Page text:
message 36: by Linda (new) - added it

Linda | 363 comments Hilary wrote: "I'm afraid that I didn't get very far with 'The Haunted Man'. For some reason the language was swooping around me and dive bombing me, so that I couldn't quite catch hold of it. I am so looking for..."

I'm finding the same thing in regards to the language, Hilary. I didn't make it very far in my attempt to finish the story last night before I fell asleep, probably a combination of it being a long week and also the concentration that was needed to understand what what going on. I will resume my attempt today, though.


Lagullande | 15 comments Linda wrote: :Thank you, Lagullande! I also have that Penguin edition. I edited..."

Great. I'm glad I'm not the only odd one...although at least I'll be reading it on the correct dates ;-)


Mary Lou | 2451 comments Hilary wrote: "For some reason the language was swooping around me and dive bombing me, so that I couldn't quite catch hold of it...."

What a perfect way to put it. I've had the same experience. I thought it was just because of personal stress and that my brain is mush right now (and I can't discount that as a contributing factor!), but it's comforting to know that I'm not the only one struggling. Still, I'm into part 3 now, and there's light at the end of the tunnel. I'm sure the group's discussion will help to illuminate things a bit.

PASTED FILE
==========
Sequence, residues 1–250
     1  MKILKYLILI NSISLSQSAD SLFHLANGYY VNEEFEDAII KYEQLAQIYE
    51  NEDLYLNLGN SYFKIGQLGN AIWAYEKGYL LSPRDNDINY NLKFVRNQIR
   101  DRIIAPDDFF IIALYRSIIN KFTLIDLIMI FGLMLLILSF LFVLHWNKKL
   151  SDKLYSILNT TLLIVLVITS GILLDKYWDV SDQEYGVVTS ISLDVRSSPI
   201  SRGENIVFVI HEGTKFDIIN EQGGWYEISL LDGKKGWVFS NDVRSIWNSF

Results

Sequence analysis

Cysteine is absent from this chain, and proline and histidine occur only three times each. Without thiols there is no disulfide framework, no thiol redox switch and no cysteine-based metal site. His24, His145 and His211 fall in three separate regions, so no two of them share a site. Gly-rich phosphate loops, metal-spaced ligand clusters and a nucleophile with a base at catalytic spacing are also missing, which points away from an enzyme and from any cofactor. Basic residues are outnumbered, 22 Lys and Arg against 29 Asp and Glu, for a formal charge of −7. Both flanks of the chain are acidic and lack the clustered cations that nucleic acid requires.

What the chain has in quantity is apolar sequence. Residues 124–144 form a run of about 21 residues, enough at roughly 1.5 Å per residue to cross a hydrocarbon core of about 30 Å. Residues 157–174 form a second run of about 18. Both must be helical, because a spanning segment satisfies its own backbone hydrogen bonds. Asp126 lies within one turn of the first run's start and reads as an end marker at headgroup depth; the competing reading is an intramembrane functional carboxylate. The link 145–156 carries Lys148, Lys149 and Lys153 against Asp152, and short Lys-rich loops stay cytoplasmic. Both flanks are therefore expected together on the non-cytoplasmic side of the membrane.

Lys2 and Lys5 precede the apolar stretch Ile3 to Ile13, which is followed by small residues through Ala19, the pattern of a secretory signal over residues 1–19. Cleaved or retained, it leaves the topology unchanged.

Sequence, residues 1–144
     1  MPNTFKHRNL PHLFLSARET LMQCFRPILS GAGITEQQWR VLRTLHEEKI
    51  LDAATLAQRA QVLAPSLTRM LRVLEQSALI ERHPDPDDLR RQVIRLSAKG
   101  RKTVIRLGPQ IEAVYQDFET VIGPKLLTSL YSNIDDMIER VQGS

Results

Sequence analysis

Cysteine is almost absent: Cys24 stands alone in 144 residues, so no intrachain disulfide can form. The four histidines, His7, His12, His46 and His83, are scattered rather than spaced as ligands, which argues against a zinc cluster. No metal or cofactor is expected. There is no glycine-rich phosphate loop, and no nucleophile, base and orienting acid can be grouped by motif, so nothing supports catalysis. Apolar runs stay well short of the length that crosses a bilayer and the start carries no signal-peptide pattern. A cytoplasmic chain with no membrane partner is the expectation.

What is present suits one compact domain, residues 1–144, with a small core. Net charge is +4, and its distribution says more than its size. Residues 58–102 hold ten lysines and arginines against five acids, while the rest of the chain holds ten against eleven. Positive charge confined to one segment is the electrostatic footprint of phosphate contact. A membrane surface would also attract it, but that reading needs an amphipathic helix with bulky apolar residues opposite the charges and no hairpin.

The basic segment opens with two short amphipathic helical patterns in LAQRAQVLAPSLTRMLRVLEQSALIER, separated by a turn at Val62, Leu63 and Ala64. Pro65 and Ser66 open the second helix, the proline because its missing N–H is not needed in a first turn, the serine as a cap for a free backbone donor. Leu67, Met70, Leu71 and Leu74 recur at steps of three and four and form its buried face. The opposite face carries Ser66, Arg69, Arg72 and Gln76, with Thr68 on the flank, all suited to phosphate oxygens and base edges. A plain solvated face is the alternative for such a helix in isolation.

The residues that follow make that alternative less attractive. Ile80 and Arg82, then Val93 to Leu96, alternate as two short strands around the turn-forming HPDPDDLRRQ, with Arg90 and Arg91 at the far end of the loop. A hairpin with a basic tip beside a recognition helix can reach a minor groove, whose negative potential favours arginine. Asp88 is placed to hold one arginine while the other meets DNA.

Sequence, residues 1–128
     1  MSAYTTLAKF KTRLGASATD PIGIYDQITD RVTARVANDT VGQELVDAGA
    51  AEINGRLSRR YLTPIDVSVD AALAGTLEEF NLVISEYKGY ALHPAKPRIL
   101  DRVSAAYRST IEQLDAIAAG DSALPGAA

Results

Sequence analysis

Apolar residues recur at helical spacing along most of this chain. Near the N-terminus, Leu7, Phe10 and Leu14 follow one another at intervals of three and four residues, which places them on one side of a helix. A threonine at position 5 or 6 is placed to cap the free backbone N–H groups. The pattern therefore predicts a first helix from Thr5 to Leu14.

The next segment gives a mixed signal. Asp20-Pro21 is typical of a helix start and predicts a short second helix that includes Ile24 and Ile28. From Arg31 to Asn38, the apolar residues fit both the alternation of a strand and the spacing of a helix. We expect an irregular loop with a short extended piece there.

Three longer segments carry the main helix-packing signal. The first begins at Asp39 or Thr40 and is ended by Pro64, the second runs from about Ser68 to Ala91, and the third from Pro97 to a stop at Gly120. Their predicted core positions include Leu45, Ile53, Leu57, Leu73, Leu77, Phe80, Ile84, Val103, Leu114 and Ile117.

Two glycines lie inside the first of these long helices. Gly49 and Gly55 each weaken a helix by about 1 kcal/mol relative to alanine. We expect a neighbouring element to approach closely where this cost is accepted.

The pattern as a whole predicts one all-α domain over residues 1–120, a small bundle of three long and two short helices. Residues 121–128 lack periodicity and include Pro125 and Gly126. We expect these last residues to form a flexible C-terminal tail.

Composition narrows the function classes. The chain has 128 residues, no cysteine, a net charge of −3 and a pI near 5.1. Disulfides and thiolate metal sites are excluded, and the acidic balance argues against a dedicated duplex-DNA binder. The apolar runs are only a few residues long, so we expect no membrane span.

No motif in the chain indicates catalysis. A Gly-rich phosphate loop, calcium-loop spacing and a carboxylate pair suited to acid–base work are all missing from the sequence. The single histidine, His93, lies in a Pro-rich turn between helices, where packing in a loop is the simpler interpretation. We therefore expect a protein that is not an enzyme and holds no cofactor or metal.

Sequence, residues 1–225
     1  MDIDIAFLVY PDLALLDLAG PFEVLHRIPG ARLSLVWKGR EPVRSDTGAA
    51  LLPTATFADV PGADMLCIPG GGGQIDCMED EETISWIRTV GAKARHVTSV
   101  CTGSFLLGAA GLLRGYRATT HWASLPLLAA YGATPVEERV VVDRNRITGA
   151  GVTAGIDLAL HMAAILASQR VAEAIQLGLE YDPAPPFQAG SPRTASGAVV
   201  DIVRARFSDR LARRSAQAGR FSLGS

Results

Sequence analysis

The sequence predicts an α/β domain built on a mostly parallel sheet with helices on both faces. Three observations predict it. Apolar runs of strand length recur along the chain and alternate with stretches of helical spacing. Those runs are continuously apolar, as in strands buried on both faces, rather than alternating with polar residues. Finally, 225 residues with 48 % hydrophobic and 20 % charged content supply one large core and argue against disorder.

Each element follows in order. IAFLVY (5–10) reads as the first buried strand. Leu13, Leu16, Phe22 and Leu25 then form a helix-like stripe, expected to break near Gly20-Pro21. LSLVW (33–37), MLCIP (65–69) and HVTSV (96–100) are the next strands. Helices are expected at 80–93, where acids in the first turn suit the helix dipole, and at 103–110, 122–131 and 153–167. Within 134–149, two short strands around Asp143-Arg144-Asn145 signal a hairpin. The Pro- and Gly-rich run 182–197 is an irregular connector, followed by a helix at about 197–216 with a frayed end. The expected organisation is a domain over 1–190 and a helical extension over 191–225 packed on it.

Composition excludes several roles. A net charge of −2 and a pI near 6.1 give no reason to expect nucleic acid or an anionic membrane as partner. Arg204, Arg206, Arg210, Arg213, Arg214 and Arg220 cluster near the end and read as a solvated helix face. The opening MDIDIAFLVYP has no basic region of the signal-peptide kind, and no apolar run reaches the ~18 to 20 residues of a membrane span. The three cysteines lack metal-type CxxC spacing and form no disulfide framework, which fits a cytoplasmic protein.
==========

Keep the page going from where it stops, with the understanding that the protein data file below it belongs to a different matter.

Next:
Pickwick will be a refreshing change!


Peter | 3199 comments Mod
Hilary, Mary Lou, and Linda

Hang in there. Take a deep breath, enjoy a shortbread cookie and hopefully you will be able to complete The Haunted Man.

It was an interesting activity to write the commentary for the book. I kept wanting it to at least read more like ACC if not be as good as ACC.

Oh well. In a few short pages you all will be finished and able to tell friends, neighbours and colleagues that you have read all five of the Christmas books. Then, quickly change the topic of conversation before anyone asks you what it was like. I find that worked as a strategy for me. :-))


message 40: by John (new) - rated it 3 stars

John (jdourg) | 1054 comments Harold Bloom, a critic I admire, has said his favorite book to read is Pickwick.

And he may not have just been referring to his favorite Dickens, but of all works. Hard to know, though I suspect Hamlet is his favorite of all.


message 41: by Kim (new) - rated it 5 stars

Kim | 5957 comments Mod
Lagullande wrote: "Linda wrote: :Thank you, Lagullande! I also have that Penguin edition. I edited..."

Great. I'm glad I'm not the only odd one...although at least I'll be reading it on the correct dates ;-)"